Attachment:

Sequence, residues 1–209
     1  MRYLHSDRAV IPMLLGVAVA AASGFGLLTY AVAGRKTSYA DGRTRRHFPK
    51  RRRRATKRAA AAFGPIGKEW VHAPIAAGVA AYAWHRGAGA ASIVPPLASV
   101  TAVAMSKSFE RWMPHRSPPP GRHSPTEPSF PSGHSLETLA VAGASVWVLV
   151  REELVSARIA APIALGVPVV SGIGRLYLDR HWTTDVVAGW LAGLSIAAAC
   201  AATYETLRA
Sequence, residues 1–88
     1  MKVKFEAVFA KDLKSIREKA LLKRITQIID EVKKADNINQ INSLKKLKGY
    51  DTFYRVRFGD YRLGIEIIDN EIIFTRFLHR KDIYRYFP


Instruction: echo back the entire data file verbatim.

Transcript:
Sequence, residues 1–209
     1  MRYLHSDRAV IPMLLGVAVA AASGFGLLTY AVAGRKTSYA DGRTRRHFPK
    51  RRRRATKRAA AAFGPIGKEW VHAPIAAGVA AYAWHRGAGA ASIVPPLASV
   101  TAVAMSKSFE RWMPHRSPPP GRHSPTEPSF PSGHSLETLA VAGASVWVLV
   151  REELVSARIA APIALGVPVV SGIGRLYLDR HWTTDVVAGW LAGLSIAAAC
   201  AATYETLRA
Sequence, residues 1–88
     1  MKVKFEAVFA KDLKSIREKA LLKRITQIID EVKKADNINQ INSLKKLKGY
    51  DTFYRVRFGD YRLGIEIIDN EIIFTRFLHR KDIYRYFP